Hereinafter, a carrier aggregation scheme will be described. FIG. 8 is a conceptional view illustrating carrier aggregation.

The carrier aggregation means that the user equipment uses a plurality of frequency blocks or (logical) cells, which include uplink resources (or component carriers) and/or downlink resources (or component carriers), as one large logical frequency band to enable a wireless communication system to use a wider frequency band. Hereinafter, for convenience of description, the carrier aggregation will be referred to as component carriers.

Referring to FIG. 8, a whole system bandwidth (system BW) is a logical band and has a bandwidth of 100 MHz. The whole system bandwidth includes 5 component carriers, each of which has a bandwidth of maximum 20 MHz. The component carrier includes at least one or more physically continuous subcarriers. Although the respective component carriers have the same bandwidth in FIG. 8, it is only exemplary, and the component carriers may have their respective bandwidths different from one another. Also, although the respective component carriers adjoin each other in the frequency domain as shown, the drawing just represents the logical concept. The respective component carriers may logically adjoin each other, or may be spaced apart from each other.

A center frequency may be used differently for each of the component carriers. Alternatively, one center carrier common for physically adjoining component carriers may be used. For example, assuming that all component carriers are physically adjacent to one another, a center carrier ‘A’ may be used. Assuming a case that the respective component carriers are not physically adjacent to each other, a center carrier ‘A’ for one component carrier, a center carrier ‘B’ for another component carrier, and the like may be used.

In this specification, a component carrier may correspond to a system bandwidth of a legacy system. By defining a component carrier based on a legacy system, it is possible to facilitate provision of backward compatibility and system design in a wireless communication environment in which an evolved user equipment and a legacy user equipment coexist. For example, in case that LTE-A system supports carrier aggregation, each component carrier can correspond to a system bandwidth of LTE system. In this case, the component carrier may have a bandwidth selected from the group including 1.25 MHz, 2.5 MHz, 5 MHz, 10 MHz and 20 MHz.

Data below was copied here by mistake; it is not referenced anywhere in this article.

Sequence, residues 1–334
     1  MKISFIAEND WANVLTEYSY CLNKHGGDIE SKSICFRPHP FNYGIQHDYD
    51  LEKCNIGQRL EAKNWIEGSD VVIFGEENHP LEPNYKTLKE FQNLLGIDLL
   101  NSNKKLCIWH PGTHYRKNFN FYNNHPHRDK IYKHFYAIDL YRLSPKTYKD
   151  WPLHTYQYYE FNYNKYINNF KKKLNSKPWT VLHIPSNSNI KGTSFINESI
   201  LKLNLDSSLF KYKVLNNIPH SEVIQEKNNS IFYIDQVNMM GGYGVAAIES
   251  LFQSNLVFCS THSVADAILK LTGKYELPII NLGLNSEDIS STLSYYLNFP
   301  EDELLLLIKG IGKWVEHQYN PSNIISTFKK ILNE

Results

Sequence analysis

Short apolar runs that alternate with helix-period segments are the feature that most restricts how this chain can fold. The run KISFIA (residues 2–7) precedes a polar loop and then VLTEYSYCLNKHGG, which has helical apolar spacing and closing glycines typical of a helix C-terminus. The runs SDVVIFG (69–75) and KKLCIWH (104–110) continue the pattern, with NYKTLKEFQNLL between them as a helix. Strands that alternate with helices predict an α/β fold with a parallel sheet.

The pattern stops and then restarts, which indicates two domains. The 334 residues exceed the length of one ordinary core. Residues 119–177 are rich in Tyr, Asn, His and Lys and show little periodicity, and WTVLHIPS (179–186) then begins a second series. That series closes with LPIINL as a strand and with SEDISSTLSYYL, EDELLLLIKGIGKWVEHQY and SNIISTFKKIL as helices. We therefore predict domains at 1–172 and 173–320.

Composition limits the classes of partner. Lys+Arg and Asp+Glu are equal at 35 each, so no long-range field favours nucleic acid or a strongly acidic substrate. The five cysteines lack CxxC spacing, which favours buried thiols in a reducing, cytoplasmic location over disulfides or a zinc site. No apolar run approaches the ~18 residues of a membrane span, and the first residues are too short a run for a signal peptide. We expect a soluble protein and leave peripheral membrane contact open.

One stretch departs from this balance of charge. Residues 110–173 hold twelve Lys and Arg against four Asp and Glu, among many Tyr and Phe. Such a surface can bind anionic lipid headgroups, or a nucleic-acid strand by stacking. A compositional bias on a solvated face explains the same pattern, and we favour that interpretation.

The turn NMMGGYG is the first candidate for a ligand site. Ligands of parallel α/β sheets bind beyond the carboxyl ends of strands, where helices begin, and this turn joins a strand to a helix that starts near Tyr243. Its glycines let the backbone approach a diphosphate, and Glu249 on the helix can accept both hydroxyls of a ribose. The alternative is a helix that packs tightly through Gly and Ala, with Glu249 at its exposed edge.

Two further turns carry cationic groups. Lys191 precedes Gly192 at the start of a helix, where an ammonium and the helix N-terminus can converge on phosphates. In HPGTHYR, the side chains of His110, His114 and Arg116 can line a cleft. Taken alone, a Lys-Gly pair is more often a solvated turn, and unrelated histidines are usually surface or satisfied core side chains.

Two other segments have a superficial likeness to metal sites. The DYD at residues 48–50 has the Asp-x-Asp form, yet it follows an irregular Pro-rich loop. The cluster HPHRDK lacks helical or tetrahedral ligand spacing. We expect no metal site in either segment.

In case that a whole system band is extended by carrier aggregation, a frequency band used for communication with each user equipment is defined by a component carrier unit. A user equipment A may use a whole system bandwidth of 100 MHz and performs communication using five component carriers all. User equipments B1 to B5 may use a bandwidth of 20 MHz only, and each of the user equipments B1 to B5 performs communication using one component carrier. User equipment C1 and user equipment C2 may use a bandwidth of 40 MHz. Each of the user equipment C1 and the user equipment C2 performs communication using two component carriers. In this case, these two component carriers may be logically/physically adjacent to each other or may not. The user equipment C1 represents a case of using two component carriers that are not adjacent to each other. And, the user equipment C2 represents a case that two adjacent component carriers are used.

One downlink component carrier and one uplink component carrier are used in the LTE system, whereas several component carriers may be used as shown in FIG. 8 in the LTE-A system. At this time, a scheme of scheduling a data channel through a control channel may be divided into a linked carrier scheduling scheme of the related art and a cross carrier scheduling scheme.

In more detail, according to the linked carrier scheduling scheme, like the existing LTE system that uses a single component carrier, a control channel transmitted through a specific component carrier performs scheduling for a data channel only through the specific component carrier.